CHARULATA (1964) was a disappointing film from Satyajit Ray in which the wife of a 19th century Indian newspaper publisher finds herself strongly attracted to his ne’er do well intellectual brother. The best moments are between the husband and wife, so the focus on the wife/brother connection didn’t work for me. “Have you ever seen actors play dead soldiers on stage?”
HANGMEN ALSO DIE (1943) was made a year after the Nazi officer “Hangman” Heydrich was assassinated (though as the film notes, “executed” for his crimes would be a fairer term) in Czechoslovakia, showing the resistance struggle to shield gunman Brian Donlevy in the belief his escape makes him a symbol of the Czech spirit. But can they keep it together when the Germans start shooting random hostages and weasel Gene Lockhart is ratting out the resistance from within? Well made by Fritz Lang, who co-wrote the script with Bertold Brecht, and while uplifting, also grimly realistic about the price of defiance — parts of the plot concerns the efforts to get kindly professor Walter Brennan off the hostage list before he’s shot and they don’t work. “I happen to remember another Hitler joke.”
STORY OF A HANGMAN (2014) was a documentary special feature by the author of a Heydrich biography, revealing that unsurprisingly things did not go as well in the real world as in the movie. Not only was the Nazi retaliation horrifyingly brutal, but the execution was arranged by the Czech government-in-exile, not by the resistance. And depressingly much of the operation was given up by informers, resulting in the killers committing suicide rather than being taken alive. As all I know of Heydrich was watching films (e.g. Hitler’s Madman), this was a welcome addition.
THE ADVENTURES OF SHERLOCK HOLMES (1939) has George Zucco’s Moriarty inform Basil Rathbone’s Holmes that to pay the detective back for almost sending him to the gallows, Moriarty will destroy his reputation by pulling off the crime of the century under Holmes nose. Holmes is supposed to be helping with security at the Tower of London, but Moriarty knows a routine job will bore him compared to the spectacular mystery the Professor arranges to distract him (the Rime of the Ancient Mariner, a fake clubfoot, Incan death music — it all makes sense!). This is an excellent film (nominally based on a successful stage play, but nothing of the play remains), though Nigel Bruce’s Watson remains an appallingly dim bulb. Zucco and Rathbone are both great though (though Rathbone is too high energy — he never does capture those moments when Holmes relaxes into uneasy calm) with great dialog between Holmes and Moriarty (“I admire your brain so much I’d like to donate it, picked in alcohol, to the Royal Medical Society!”) and Moriarty and his butler (“All that’s left of him is one boot.”). With EE Clive as a Scotland Yard boob and Ida Lupino as a damsel in distress. The commentary by a mystery-magazine editor was interesting too, pointing out the usual trivia along with comparisons to the stories (he’s quite right, stories of avengers rising from the client’s past to kill are quite common in Doyle). “This is no childish game, Miss Brandon, but a cryptic warning of avenging death!”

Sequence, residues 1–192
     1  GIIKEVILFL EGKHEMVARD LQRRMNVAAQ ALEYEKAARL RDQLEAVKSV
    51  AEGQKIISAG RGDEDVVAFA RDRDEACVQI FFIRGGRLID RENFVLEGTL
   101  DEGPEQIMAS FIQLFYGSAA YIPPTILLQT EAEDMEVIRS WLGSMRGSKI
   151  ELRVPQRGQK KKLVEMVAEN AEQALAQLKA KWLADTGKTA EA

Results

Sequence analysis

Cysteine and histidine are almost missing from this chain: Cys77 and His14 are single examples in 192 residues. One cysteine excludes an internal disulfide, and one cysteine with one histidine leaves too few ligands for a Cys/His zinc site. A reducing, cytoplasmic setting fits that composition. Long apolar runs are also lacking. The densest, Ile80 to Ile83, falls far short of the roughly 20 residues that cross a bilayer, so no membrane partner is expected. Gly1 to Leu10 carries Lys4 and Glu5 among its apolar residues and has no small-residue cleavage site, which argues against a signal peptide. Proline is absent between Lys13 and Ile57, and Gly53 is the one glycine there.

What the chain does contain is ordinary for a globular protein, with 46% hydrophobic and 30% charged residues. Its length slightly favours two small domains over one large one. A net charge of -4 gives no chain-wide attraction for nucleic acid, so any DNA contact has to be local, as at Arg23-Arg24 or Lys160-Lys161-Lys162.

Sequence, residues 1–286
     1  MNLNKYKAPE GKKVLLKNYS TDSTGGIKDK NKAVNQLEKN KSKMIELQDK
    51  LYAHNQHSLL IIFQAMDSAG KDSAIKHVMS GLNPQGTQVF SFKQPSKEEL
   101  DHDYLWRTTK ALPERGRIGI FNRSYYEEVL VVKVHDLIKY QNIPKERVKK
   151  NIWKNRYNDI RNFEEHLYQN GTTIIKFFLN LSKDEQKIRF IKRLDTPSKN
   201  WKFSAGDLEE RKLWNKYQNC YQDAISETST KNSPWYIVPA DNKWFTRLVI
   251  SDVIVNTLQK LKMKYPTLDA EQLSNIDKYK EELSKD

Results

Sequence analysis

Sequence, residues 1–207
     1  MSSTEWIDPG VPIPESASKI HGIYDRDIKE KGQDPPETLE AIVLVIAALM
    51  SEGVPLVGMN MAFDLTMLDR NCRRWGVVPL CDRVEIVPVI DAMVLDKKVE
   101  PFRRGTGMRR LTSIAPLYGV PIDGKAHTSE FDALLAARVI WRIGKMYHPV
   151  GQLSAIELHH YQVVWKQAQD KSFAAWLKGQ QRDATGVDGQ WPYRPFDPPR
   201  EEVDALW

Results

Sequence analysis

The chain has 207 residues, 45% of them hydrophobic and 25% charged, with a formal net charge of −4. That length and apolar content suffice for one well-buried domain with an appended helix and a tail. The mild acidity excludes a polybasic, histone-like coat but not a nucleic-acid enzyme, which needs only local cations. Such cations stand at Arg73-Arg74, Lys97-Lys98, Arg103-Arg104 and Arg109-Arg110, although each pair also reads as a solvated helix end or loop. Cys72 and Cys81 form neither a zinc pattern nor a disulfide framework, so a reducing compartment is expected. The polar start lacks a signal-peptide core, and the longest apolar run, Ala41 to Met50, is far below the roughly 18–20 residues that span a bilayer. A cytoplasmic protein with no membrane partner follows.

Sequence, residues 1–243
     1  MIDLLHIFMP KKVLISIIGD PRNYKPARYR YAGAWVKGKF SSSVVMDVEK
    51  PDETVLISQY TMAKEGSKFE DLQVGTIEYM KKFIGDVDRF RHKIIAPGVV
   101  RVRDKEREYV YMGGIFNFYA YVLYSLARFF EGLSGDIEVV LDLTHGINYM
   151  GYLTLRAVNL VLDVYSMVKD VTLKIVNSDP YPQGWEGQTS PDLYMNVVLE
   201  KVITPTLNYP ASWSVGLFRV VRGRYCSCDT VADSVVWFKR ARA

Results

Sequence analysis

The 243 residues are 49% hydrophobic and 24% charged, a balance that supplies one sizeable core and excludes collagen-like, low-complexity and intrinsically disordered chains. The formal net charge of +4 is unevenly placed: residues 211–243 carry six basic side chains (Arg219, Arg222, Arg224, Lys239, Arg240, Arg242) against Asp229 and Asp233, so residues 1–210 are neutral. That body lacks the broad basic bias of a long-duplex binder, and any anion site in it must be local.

GILDA (1946) has gambler Glenn Ford become the right hand and kept man of George Macready (they don’t come out and say it but the subtext is pretty much text here), who gets knocked for a loop to discover his boss has not only married, but it’s Ford’s old flame, Rita Hayworth. What follows is a really twisted romantic triangle (as one of the special features says, it probably makes more sense if we think of Macready, not Hayworth, as the apex of the triangle) which is far more interesting than the crime plot involving a tungsten syndicate. Very good. “A man who makes his own luck, as I do, recognizes it in another.”